We all know how important water is to us – drinking, washing, cooking, showering, watering – all part of the things we do with it every day. Water, and clean drinking water, is essential to all of us.
For most of us, when we turn on the tap, water will flow – it comes so natural that we rarely think about where the water comes from, and how they came here.
To have access to clean drinking water is central part of human activities since the ancient time. To have such access, sometimes huge infrastructures are built over a vast territory. The aqueducts in Roman Empire is one of the most distinguished examples.
Roman aqueduct and drinking water
According to “Roman aqueduct” in Wikipedia, “The Romans constructed numerous aqueducts in order to bring water from often distant sources into cities and towns, supplying public baths, latrines, fountains and private households…Rome‘s first aqueduct supplied a water fountain sited at the city’s cattle market. By the 3rd century AD, the city had eleven aqueducts, sustaining a population of over a million in a water-extravagant economy”.
The Roman aqueduct represents one of the greatest engineering achievements in the pre-industrial era. This is one of the 11 aqueducts in Rome, Nero aqueduct, which was built by the infamous emperor that drew water from Claudia aqueduct and sent to his own palace:
Thanks to the aqueducts, water is available everywhere in Rome. It is one such city that you may get around without bringing a bottled water. These water fountains are everywhere. They are called “Nasoni”, from the Italian “nasone” (big nose). The water from it tastes good and is safe to drink.
California: complex water infrastructures and networks
In California, to support the big population across the state (close to 40 million as of 2015) , there are vast regional and local water systems. In addition, huge and complex water infrastructures were built to transport water from water abundant areas, e.g., Sierra Nevada snow mountains, to where they are needed, on top of the local supply. Some of the projects include:
- Central Valley project, that transports water to the farmlands in central valley; and
- State water project, that delivers water to Southern California.
In addition to surface water, underground water also plays a vital role, providing some 30-40% of the state’s total water supply, which goes much higher in dry years.
When we have a sip of water from a fountain in the San Francisco Bay area, that water may come from melted snow in Sierra Nevada, and travel hundreds of miles in the vast water network before it arrives in the west coast. It takes a lot of work and huge projects for the water to be delivered to every corner like it is today.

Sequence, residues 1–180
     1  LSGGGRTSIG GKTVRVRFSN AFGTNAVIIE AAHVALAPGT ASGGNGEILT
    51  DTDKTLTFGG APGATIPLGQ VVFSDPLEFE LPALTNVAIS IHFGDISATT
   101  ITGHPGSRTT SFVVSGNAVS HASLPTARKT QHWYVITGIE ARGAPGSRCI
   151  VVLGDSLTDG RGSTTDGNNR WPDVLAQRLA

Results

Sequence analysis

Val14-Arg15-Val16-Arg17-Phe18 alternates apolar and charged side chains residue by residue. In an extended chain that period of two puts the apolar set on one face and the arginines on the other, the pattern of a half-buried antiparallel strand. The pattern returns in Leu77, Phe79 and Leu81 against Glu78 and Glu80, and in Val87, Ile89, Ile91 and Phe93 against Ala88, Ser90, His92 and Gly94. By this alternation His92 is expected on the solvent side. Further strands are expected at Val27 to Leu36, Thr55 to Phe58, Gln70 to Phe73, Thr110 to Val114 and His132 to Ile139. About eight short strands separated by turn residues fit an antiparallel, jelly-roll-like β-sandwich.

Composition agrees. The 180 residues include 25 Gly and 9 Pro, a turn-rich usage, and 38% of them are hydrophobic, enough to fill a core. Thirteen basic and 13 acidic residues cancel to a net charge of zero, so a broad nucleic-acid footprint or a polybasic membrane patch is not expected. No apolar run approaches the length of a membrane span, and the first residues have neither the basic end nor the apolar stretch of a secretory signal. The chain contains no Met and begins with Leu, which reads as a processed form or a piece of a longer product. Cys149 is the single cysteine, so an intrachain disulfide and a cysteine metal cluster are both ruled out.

Pollution: Drinking Water Problems
One of the most serious problems related to drinking water is pollution.
Bottled water, and the plastics that come along with it, has become a big hazard for our water, especially our ocean and environment. Americans used about 50 billion water bottles a year, however, only 23% were recycled, that means 77% or 38 billion bottles went into landfill, streams, rivers and eventually ocean. There they will not dissolve, but break into smaller pieces which will be ingested by sea animals. This is not a good situation.
Another big problem is the chemicals from medicines and personal care products. After the medicines are dumped into toilet, and the shampoos and sunscreens are used and rinsed off in shower, the chemicals will go into sewage and then wastewater treatment facility. Though water are treated at the facilities, they are not designed to treat the thousands of chemicals present, which will then be released back to the rivers and oceans. These pollutants can be hazardous to aquatic animals. An ingredient in sunscreen can harm the coral reefs. The oceans are so polluted now that the dolphin’s immune systems are failing.
With the huge water cycle in nature, some of the chemicals make their way back and can be found even in treated drinking water, so in the end it can be harmful to our own health too.
Improve Water Efficiency: Recycle, Reuse
Water is a precious resource needed by everyone. How can we best use such a resource? As Felicia Marcus, Chairman of California Water Board put it: “In Southern California and the Bay Area, we have this massive infrastructure to transport water from the mountains, use it once, and then send it out to sea. Instead, we should be capturing more rainwater, recycling it, and reusing it over and over. ”
As Californians learned in the historic 5 year drought, replacing lawns with water efficient gardens can save water significantly which helped us cope with the drought. The next step will be to capture and store more of the rainwater, and reuse it. Use permeable materials in the garden, harvest rain water with a rain barrel, install a rain garden: these are some of the things we can do to further improve the efficiency of our water.